Turkey has long insisted that the PYD are a mere extension of PKK and has stuck to the view that the PKK or PYD are no different than IS. In fact, since Turkey formally joined the war against IS after a bombing in Suruc in 2015, it is the PKK that been the subject of Turkey’s rage on “terrorists”.

On the other hand, the Syrian Kurds have proved to be the most effective ground force against IS and have made significant gains in recent months in curtailing vital IS supply routes. At the same time, Turkey has insisted that Washington decides between the PYD and Turkey.

The fact that the U.S. has refused to take sides speaks volumes. The U.S. spent millions of dollars on a training program for so called Syrian moderates that amassed to virtually no gains. The Kurds have demonstrated to the U.S. that they are the ready-made boots on the ground that Washington had craved in vain for so long.

The visit of US Special Presidential Envoy for the Coalition against ISIS, Brett McGurk, to the Kurdish town of Kobane, the source of the symbolic victory of the US-led air campaign against IS, illustrates the significance of Kurdish support to the U.S.

Even though the Kurdistan Freedom Hawks (TAK) claimed responsibility for the deadly Ankara bombing, this would have always fallen on death ears in Turkey.

It is not just about a bombing incident, it is about the strategic standing and clout of the Syrian Kurds, who aside from a narrow corridor between Afrin and Jarablus hold almost the entire Syrian border with Turkey, that Ankara is trying to tarnish.

The fact that Turkey sees the PYD as bigger “terrorists” than IS, Jabhat al-Nusra and various other jihadist groups tells its own story. Turkey would tolerate any group on its doorstep than an autonomous Kurdish stronghold.

Turkey’s border has been the lifeline for not just the Syrian opposition but also IS. The remaining IS access to the Turkish border could have been easily sealed by Kurdish forces with coalition air support.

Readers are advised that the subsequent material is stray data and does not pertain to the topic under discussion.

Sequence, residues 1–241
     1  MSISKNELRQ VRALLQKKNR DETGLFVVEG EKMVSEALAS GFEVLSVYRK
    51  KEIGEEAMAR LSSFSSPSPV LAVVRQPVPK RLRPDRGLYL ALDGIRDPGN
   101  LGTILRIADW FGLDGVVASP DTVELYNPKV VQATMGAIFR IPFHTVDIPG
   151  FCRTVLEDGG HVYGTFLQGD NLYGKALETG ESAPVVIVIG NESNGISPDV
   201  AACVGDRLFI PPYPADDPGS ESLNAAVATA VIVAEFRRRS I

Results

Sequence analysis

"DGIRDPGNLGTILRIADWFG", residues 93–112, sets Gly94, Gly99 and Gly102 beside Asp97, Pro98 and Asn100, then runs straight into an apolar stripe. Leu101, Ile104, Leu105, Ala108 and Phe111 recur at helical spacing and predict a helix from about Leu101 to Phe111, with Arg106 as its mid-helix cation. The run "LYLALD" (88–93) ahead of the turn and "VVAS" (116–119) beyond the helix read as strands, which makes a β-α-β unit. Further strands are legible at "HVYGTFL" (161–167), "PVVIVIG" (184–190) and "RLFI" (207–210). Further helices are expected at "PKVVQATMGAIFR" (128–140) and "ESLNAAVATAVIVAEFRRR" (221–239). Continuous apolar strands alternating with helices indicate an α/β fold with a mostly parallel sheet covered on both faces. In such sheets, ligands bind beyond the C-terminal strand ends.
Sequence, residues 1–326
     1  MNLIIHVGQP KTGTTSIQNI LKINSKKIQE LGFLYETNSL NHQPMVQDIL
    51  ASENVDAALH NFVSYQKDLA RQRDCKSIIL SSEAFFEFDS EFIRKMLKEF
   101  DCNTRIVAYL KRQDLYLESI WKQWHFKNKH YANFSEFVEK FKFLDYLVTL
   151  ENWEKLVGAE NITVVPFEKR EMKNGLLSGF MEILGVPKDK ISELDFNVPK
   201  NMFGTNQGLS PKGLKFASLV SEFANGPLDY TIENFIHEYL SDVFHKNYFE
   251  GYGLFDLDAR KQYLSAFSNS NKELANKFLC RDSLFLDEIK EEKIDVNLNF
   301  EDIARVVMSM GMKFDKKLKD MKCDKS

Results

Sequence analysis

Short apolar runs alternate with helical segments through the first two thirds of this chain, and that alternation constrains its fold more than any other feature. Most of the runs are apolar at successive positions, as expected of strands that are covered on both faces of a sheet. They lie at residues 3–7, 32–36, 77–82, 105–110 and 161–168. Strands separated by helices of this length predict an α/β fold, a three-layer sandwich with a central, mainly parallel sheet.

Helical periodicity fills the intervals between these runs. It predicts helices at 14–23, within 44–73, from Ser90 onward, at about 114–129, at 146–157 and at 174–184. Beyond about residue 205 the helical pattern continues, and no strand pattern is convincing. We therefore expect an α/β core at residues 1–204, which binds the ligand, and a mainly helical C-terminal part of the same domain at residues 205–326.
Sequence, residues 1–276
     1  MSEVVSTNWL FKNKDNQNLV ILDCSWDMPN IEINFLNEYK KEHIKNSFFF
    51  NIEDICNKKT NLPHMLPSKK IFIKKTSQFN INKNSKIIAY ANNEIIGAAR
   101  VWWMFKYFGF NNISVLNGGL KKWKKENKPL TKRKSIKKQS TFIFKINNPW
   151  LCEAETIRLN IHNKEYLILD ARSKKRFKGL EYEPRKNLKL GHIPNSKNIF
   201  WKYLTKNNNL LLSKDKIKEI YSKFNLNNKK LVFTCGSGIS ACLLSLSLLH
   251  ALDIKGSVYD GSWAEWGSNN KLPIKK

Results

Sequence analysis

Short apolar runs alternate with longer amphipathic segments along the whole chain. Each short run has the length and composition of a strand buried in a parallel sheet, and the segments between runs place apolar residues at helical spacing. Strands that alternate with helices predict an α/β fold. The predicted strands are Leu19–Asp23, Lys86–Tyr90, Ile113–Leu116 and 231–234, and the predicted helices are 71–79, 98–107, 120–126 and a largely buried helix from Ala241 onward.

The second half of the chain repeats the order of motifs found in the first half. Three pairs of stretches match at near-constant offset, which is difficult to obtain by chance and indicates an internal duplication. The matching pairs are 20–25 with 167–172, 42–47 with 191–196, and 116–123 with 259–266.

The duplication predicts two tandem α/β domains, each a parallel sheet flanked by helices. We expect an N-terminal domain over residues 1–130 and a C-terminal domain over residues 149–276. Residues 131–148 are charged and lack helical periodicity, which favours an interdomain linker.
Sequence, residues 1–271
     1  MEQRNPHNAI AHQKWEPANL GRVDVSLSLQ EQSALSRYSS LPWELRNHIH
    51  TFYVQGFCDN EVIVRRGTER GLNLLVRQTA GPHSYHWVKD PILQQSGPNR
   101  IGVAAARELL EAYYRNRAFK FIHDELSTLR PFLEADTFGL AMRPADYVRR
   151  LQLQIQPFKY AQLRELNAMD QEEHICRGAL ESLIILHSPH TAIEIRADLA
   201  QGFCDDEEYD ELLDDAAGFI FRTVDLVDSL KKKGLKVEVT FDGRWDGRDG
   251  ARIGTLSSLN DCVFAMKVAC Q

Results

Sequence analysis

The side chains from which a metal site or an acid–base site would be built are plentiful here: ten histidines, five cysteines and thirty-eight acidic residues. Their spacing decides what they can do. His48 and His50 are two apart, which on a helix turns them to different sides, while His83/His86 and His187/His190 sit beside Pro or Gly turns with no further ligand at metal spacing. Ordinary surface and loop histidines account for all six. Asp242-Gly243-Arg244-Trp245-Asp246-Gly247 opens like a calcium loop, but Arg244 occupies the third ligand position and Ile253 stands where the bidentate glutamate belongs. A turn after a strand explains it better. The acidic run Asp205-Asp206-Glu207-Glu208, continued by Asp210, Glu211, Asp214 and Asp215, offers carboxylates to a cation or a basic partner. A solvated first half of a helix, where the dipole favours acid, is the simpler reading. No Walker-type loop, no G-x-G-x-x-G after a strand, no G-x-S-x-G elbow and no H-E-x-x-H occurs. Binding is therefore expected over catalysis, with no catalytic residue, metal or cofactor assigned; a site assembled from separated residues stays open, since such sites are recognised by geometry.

Turkey is already fighting a frenzied new battle against the PKK and the south east of Turkey is threatened with a return to the dark days of the 1990’s with daily curfews and violence.

The fate of the Kurds in Turkey and Syria are intrinsically linked. Without an affective Turkish policy that caters for both realities there will never be peace in Turkey.

As for the Syrian Kurds, what if Turkey succeeds in getting the U.S. to abandon ship and desert their Kurdish allies? The simple answer is that the already uneasy Kurds will merely become fully engrossed in the Russia camp where they already enjoy strong ties.

First Published: Kurdish Globe

Other Publication Sources: Various Misc

Kurds omitted from Geneva III as US and Russian jockey to build bases in Syrian Kurdish territory

As the Syrian war enters its 6th year, months of preparation to cultivate another round of negotiations between Bashar al-Assad and the Syrian opposition could still unravel.

Just days before the talks were due to commence, there is fervent debate on who should attend the talks as well as various other pre-conditions still been set.

The High Negotiations Committee (HNC) that was created in December after a Syrian opposition conference in Riyadh is deemed by Saudi Arabia and Turkey as the only representatives of the opposition.

The age-old problem in Syria’s brutal war is deciding who the opposition is, with literally dozens of groups and just who are the moderates.

Russia has been jockeying for involvement of other Syrian opposition parties that are aligned to their strategy and that the HNC deems as too close to the regime.

But of all the groups, the omission of the Syrian Kurds led by the Democratic Union Party (PYD) is the most controversial. The PYD and its military wing, the People’s Protection Units (YPG), have proved to be the most effective fighting force on the ground and have made steady gains against the Islamic State (IS).

The Syrian Kurds have been heavily backed under the cover of United States warplanes and are the only group that both the U.S. and Russia can agree on.

Turkey has been ever suspicious of the rising stock of the Syrian Kurds and the ramifications of their increased autonomy.

In recent days, Turkish President Recep Tayyip Erdoğan repeated warnings that they will not tolerate any expansion of Kurdish territory west of the Euphrates and deem PYD as no different to IS or the PKK.

And this is where the contradictions intensify. The remaining IS corridor to the Turkish border can be easily sealed with coalition support and YPG forces. But for an anxious Turkey facing a renewed Kurdish war at home, IS still remains a more manageable entity than Syrian Kurds assuming most of its southern border.

In parallel to the Syrian Kurds facing the reality of no invitation to Geneva III, there have been widespread rumors in recent days that U.S. has been working to expand a disused former airbase in Rmelian, Hassaka, in the heart of Kurdish territory and in close proximity to Turkey and Iraq.

Whilst the US Central Command (CENTCOM) has stated it ‘has not taken control of any airfield in Syria’, other statements were not as definitive as a spokesman for the US Department of Defence said its small team in Syria needed “occasional logistical support”.